Photographing people living on the edgelands demands a technique that captures this sense of stillness, living ‘in place’ and being connected to the land. The use of physical film offers a result for viewers that is more tangible and emotionally moving than a now-you-see-it-now-you-don’t digital image. Rob uses a traditional ‘large format’ film camera. The camera’s functionality has remained the same since the early days of photography over a century ago. Even the measurement of the negative plates is named in inches: ‘five by four’. There is no need to pull this piece of kit into a speeded up 21st-Century perspective where one moment replaces and erases another so easily.
The plate camera is necessarily a slow tool. Each image is captured in the space of half a second.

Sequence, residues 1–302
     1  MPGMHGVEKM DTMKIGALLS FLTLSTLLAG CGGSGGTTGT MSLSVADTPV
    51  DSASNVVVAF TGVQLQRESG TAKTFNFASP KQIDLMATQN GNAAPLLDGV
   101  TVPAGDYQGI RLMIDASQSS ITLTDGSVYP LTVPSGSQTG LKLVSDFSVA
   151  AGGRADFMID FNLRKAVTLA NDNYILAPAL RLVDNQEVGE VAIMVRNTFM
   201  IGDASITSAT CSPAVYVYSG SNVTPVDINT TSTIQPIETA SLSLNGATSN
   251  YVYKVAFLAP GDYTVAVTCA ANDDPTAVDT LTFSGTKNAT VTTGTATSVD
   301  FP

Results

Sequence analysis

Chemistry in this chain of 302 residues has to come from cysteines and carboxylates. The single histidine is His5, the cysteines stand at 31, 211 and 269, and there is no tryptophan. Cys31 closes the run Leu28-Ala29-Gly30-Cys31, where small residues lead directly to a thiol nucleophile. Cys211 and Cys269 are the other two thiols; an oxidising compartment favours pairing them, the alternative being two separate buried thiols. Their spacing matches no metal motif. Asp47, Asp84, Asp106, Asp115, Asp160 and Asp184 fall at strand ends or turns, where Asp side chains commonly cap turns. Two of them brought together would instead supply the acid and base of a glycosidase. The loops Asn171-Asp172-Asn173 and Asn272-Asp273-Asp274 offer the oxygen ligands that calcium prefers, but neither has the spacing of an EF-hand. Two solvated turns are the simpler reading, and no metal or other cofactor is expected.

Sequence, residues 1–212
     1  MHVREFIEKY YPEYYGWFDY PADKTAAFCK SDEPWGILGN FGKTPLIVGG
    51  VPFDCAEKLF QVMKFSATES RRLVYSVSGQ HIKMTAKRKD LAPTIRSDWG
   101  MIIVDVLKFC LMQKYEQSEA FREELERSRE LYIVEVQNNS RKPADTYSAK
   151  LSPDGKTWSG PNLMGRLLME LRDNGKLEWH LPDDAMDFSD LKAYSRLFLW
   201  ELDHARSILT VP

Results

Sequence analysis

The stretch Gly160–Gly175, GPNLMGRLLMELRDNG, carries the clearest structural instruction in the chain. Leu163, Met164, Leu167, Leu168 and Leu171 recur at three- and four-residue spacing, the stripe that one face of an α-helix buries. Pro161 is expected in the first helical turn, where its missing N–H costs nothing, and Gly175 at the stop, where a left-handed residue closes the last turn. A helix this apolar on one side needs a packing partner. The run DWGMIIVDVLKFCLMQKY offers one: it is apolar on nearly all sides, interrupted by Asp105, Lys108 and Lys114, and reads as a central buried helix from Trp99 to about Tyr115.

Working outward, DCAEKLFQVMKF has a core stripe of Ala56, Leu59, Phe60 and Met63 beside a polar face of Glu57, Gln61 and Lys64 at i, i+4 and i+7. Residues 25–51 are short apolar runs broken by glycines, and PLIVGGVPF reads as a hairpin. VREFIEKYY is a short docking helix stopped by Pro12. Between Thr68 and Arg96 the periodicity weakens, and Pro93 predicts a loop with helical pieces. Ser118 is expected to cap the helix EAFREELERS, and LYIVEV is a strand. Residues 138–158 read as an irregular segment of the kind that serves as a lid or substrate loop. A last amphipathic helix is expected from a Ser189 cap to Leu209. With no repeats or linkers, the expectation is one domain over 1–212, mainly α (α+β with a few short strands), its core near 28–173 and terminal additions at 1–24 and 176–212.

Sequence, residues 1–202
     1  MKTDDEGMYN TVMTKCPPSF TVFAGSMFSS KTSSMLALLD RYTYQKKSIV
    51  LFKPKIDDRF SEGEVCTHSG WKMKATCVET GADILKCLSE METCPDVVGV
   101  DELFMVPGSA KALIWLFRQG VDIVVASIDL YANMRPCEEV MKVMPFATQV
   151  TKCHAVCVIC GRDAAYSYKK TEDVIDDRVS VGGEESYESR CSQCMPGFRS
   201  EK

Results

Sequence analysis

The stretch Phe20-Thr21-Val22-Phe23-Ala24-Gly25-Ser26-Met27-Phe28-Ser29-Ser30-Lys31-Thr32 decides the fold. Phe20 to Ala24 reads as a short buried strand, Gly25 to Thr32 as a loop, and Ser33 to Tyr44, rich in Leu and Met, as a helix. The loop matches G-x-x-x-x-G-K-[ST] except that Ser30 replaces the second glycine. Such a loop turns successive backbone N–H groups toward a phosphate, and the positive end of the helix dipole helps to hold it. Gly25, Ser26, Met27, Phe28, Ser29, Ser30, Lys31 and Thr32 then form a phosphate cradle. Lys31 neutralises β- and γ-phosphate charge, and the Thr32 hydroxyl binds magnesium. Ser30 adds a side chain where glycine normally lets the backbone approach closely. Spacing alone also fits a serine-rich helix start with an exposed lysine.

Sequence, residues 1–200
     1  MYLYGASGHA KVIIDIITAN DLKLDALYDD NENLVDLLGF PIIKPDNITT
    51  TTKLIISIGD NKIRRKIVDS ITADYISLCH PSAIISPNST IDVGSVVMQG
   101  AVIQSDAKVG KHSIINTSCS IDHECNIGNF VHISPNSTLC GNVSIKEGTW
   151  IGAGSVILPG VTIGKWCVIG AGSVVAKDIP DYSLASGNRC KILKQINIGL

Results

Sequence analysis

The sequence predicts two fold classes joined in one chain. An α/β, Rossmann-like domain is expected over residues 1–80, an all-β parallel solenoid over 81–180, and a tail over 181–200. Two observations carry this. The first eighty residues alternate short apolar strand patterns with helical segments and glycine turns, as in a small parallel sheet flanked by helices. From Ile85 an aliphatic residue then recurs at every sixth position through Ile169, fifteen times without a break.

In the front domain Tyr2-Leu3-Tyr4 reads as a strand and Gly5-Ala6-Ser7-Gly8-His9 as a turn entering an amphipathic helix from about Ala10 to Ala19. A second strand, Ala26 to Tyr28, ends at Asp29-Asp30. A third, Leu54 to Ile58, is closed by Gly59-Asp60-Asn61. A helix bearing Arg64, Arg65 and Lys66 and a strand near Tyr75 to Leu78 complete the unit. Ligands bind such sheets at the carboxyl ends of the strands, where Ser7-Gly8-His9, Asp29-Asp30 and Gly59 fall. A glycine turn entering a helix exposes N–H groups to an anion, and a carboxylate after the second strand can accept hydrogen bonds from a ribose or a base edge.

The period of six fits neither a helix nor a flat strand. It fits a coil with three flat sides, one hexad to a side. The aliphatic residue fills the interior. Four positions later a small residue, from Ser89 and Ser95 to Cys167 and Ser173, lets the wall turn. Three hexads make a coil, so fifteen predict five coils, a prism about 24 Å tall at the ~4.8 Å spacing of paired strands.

But this is not the only significant thing about the time taken to photograph in this way. You can't do it without striking up a relationship. In the planning of a slow photograph it's a case of considering where the person is - their place of work, the environment that inspires them, or shapes them. You need to spend time with the people you photograph. Talk with them, find common ground. It may begin with a smile, or an introduction from a mutual friend. It may start with the sharing of a task. Always, there is curiosity and an encountering of hearts and minds. There is no long lens, no shooting from afar. You can’t set up a large format camera, on its tripod, and stand there with a bright red cape over your head without being noticed. And a subject can’t be photographed unless they are ready, willing, and still. Everything must slow down. Photographer and subject resonate, and the frequency is that of the land in which they stand.